I continue to learn as a trainer. I will readily admit to not having all the answers, but I’m always willing to learn. I hope that will be the case all the way until my last breath (hopefully, that’s not for a while still…)
Odds & Ends
Read through to the end of
to see that
has received an award from Constant Contact because this newsletter is so engaging. Nice!
Watch this wonderful
of a Virgin Galactic flight to the dividing line between Earth’s atmosphere and space. Incredible.
Second Darn Wonderful:
Here’s an orangutan who
to a visitor’s magic trick. I firmly believe that humans aren’t the only living things with consciousness and all that goes with it. (See this recent
The Atlantic magazine piece
on that very subject.)
Walmart LGBTQ-Positive Ad:
Yes, you read that right. See this
that Walmart has aired in some locations--and not without criticism.
Paying it Forward:
A half dozen EMTs dining at a Tom’s River, N.J. IHOP
got a surprise
when they learned that another customer had secretly paid their bill. That customer left a note saying in part, “Thank you for all you do!” It was signed, “Recovering addict.”
Compassion in the Face of Aviation Tragedy:
Following a recent cargo jet crash that killed, among others, a Mesa Airlines pilot who was catching a ride, United Airlines (Mesa Airlines is a subsidiary) went out of its way to treat the pilot’s widow with dignity and compassion. Read the touching story
A Waitress Exercises Gray Area Thinking
Jordan Cooper, a waitress at a Paducah, KY Olive Garden, paid attention to how a young child acted with the man and woman she was with at the restaurant; she also noticed that the 20-month-old child appeared to have been “beaten in the face.” Using imagination, she obtained a photograph of the man after he appeared to be force-feeding bread sticks to the child; she also obtained a photo of the couple’s license plate after they left the restaurant in a hurry, having realized that Jordan was paying attention to the child. Later, both adults would be arrested for aggravated child abuse as a result of Jordan’s actions. Sometimes, this is what it takes to protect humans who lack voices of their own. See the story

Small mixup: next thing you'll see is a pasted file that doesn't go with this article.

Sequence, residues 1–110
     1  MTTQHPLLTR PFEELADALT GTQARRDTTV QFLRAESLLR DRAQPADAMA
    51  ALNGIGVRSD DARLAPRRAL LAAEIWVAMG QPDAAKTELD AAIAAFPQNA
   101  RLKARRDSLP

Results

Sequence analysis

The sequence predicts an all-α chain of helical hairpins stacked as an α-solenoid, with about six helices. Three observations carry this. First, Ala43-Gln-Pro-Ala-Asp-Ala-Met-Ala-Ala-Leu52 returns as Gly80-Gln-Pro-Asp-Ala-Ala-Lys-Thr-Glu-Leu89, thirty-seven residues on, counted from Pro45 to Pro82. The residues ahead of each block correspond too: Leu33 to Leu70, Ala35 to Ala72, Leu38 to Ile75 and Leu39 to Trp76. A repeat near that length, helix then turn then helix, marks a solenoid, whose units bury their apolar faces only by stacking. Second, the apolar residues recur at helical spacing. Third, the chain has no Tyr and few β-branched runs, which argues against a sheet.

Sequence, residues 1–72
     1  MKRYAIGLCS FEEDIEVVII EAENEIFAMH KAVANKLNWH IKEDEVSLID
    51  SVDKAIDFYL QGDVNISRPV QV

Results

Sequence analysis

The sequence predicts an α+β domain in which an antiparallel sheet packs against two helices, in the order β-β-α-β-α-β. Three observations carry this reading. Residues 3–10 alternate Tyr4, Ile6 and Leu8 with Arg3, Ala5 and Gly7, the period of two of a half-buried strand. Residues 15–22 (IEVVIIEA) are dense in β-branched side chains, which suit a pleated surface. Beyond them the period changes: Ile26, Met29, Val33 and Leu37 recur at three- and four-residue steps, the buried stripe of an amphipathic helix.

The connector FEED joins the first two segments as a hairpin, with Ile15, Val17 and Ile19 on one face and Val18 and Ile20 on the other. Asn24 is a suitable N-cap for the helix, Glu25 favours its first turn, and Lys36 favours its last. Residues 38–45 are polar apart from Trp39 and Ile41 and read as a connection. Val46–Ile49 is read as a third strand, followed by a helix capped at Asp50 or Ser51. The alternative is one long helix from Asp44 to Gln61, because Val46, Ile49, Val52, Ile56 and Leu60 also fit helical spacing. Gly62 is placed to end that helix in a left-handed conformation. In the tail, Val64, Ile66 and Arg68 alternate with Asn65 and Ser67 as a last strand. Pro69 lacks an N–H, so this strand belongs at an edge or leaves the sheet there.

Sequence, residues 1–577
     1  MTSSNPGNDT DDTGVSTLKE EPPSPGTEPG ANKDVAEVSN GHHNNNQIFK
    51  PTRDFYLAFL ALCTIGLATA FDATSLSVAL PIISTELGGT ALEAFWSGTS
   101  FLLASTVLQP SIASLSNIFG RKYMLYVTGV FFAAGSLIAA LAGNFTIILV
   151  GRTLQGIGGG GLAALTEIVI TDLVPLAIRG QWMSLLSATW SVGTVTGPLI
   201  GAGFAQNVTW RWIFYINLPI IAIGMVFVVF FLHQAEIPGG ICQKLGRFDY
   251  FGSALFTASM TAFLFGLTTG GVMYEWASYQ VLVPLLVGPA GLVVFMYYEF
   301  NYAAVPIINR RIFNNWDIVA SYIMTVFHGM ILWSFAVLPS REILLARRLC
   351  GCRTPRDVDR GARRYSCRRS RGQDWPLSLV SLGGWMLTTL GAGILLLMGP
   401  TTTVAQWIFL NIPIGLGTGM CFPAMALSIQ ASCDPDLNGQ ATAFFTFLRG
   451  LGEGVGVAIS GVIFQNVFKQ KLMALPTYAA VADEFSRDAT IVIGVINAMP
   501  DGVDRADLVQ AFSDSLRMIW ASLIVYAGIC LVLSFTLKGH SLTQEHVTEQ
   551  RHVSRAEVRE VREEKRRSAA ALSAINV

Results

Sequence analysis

Queueing for a Stranger:
about what happened when a man struggling with his sexuality called a LGBTQ bookstore and spoke of wanting to engage in self-harm. Overhearing the store manager doing his best to keep the man safe, store customers formed a line to take turns talking to the man until he felt better. Remember what I say about 99% of us having good empathetic hearts…
A Disability Rights Champion Passes:
Michele Cohen, Cub reporter for
alerted me to the passing of Carrie Ann Lucas, an advocate for persons with disabilities, who herself suffered from a rare form of muscular dystrophy. (See NYT obituary
.) Carrie, who used a power wheelchair and a ventilator, had low vision and impaired hearing, and relied on a feeding tube, helped change Colorado law to make it possible for persons with disabilities to adopt; in turn, she and her partner adopted four children, all with disabilities. She was also the lead plaintiff in a successful 1999 lawsuit to force Kmart to change store layouts to comply with the Americans with Disabilities Act. Later, she attended and graduated (at age 35) from the Sturm College of Law at the University of Denver. So much in a short life, despite such challenges.
I’ve now finished Robin DiAngelo’s book,
White Fragility: Why It’s So Hard for White People to Talk About Racism
; I cannot recommend it enough—it taught me several things and reinforced other things I already knew. On top of that, I recommend this
about “whitesplaining”—about how white-color humans react when black or brown-color humans talk about what it’s like to be marginalized. All of this demonstrates that there’s just so much work to do.
Transgender-affirming Books for Young Humans:
Julian is a Mermaid,
about a transgender girl, is a winner of the 2019 Stonewall Book Award;
, a fairy tale with a transgender lead character, has raised $22,000 of a $27K crowdfunding goal. Both look like wonderful books for young humans.
Not Good for Transgender Humans Who Want to Serve: